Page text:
Talking the talk and walking the walk: Centre IFC confronts domestic violence
While no one would argue that domestic violence is an important issue, fewer people would actually do something to actively confront it. This past week, however, the men of Centre’s Interfraternal Council (IFC) directly engaged with Domestic Violence Awareness Month—both with their words and their actions.
The first IFC-sponsored event was Walk A Mile In Her Shoes, a program designed to raise awareness about domestic abuse by walking a mile across campus and through downtown Danville—all while wearing fire-engine-red high heel shoes. Over 100 students participated in this year’s walk, with 50 Centre men walking, hobbling and even strutting in their bright red footwear. Lining the walk, supportive fans cheered them on.
Connor Stubbs ’14, executive vice president of the Interfraternal Council, says, “The support from Centre’s sorority women was really impressive and meaningful. Lining the walk path were countless sorority women and other Centre students giving words of encouragement and support.”
In addition to the weekend Walk A Mile event, Centre IFC hosted “Power-Based Violence: a Panel Discussion” on Tuesday, October 8. The Panel, mediated by Stubbs, provided an opportunity for Centre students to discuss various types of violence with a panel of experts.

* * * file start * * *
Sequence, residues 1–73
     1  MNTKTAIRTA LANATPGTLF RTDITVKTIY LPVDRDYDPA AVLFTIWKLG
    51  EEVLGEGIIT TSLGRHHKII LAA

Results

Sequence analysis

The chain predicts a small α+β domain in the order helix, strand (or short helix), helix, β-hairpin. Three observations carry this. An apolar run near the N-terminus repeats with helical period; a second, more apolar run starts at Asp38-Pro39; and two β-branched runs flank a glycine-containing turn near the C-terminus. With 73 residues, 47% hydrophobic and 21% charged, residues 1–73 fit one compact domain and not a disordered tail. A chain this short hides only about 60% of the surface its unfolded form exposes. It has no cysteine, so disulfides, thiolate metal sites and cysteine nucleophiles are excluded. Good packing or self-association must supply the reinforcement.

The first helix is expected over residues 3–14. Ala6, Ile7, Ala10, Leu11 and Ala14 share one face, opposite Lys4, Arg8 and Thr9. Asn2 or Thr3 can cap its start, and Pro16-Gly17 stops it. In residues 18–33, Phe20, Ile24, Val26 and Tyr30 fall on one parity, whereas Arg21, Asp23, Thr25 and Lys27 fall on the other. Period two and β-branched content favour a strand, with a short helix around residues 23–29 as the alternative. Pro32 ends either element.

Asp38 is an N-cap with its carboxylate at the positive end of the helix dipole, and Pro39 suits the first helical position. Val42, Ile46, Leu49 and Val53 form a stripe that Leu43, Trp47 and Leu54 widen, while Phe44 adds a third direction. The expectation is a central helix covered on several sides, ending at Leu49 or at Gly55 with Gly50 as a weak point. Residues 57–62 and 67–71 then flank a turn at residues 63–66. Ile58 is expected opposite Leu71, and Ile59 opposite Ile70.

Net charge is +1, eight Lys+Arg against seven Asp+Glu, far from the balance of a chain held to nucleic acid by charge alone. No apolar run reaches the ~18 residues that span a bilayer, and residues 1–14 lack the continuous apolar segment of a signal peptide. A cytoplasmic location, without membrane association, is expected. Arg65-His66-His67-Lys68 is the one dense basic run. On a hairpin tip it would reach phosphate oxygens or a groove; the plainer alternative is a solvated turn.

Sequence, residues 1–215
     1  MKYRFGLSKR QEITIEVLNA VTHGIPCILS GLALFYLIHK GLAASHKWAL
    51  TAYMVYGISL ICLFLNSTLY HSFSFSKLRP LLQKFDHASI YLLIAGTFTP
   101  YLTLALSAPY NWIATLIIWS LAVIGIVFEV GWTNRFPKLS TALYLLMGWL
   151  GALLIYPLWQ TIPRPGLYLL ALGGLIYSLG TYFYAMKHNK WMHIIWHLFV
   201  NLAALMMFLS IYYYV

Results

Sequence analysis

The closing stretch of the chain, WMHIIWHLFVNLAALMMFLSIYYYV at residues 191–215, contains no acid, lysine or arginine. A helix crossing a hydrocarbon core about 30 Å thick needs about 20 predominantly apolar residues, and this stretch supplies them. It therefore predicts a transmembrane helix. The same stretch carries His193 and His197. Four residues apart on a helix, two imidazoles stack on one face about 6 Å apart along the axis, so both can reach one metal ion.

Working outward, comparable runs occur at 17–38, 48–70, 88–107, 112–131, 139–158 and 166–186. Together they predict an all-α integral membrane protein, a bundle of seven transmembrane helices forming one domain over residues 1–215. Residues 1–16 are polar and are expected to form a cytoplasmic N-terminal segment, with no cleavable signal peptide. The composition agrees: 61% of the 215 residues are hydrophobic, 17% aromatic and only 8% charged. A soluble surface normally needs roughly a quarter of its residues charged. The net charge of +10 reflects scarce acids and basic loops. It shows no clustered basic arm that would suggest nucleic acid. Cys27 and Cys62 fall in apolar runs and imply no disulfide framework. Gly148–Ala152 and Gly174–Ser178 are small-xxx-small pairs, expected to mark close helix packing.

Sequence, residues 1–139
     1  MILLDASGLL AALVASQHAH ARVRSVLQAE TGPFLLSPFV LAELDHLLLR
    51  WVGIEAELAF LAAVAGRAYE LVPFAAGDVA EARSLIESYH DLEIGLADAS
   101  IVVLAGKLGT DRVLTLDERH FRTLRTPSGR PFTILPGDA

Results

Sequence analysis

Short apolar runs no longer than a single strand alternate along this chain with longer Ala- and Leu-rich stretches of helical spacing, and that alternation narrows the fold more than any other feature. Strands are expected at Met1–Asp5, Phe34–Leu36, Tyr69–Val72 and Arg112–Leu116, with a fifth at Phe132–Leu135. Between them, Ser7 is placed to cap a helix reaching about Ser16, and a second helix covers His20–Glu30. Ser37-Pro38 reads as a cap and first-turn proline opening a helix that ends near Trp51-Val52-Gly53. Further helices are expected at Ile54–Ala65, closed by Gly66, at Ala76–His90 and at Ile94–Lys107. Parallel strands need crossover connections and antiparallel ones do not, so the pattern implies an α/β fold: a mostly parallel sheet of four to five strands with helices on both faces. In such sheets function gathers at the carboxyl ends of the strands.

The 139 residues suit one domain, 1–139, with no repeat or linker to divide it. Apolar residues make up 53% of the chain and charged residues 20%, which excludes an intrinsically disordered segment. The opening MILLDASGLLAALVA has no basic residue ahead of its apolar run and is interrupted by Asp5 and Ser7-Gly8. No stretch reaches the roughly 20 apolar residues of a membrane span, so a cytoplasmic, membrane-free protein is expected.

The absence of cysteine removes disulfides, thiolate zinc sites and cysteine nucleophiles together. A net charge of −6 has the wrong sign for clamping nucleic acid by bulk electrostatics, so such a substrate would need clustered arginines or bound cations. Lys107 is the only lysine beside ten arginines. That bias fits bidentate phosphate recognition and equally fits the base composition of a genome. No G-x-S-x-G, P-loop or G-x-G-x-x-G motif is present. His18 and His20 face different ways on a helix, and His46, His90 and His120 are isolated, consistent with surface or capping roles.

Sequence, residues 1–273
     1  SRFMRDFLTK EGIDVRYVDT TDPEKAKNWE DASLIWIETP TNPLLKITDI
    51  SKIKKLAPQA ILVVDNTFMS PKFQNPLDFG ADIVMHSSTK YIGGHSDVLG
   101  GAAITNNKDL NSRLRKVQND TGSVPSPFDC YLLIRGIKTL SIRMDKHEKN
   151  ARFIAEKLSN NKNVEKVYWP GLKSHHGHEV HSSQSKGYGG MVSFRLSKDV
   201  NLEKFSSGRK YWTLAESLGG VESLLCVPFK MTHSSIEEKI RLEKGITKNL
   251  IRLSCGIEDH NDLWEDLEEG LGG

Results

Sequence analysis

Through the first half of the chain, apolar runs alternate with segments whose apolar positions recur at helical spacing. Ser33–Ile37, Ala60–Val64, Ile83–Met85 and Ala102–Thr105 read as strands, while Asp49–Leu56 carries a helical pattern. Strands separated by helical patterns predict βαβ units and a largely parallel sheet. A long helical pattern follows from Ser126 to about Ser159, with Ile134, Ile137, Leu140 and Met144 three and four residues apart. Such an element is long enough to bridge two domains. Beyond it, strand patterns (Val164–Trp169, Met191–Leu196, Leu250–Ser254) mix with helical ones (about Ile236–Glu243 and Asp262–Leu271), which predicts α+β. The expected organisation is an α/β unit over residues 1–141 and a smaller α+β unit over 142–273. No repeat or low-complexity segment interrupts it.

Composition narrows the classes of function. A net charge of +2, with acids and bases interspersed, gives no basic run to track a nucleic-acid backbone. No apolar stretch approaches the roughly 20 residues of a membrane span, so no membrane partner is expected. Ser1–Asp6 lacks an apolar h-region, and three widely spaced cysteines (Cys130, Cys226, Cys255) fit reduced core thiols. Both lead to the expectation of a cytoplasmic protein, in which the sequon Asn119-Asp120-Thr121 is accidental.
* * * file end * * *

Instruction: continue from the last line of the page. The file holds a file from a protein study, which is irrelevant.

Panel members included Laken Gilbert, a sexual assault/rape survivor and current student at University of Kentucky Law School; Eileen Recktenwald, executive director of the Kentucky Association of Sexual Assault Programs (KASAP); Melanie Matson, director of the Violence Intervention and Prevention Center (VIP) at the University of Kentucky; and Centre College’s own Kathy Miles, director of counseling.
For Stubbs, the week’s events served as an important reminder of issues that still need addressing, both on college campuses and in larger communities.
“A huge issue with power-based violence—domestic violence, sexual abuse and gender violence—is the lack of awareness and knowledge about its prevalence and impact, especially on college campuses,” he says. “Frequently on college campuses, and in any community for that matter, there is almost an attitude that it doesn’t happen ‘here’ or ‘around me.’
“The Walk a Mile in Her Shoes event and the power-based violence panel discussion hopefully changed that perception,” he adds, “and brought some recognition to the issue among students. A little recognition and awareness can really go a long way to help.”
By Mariel Smith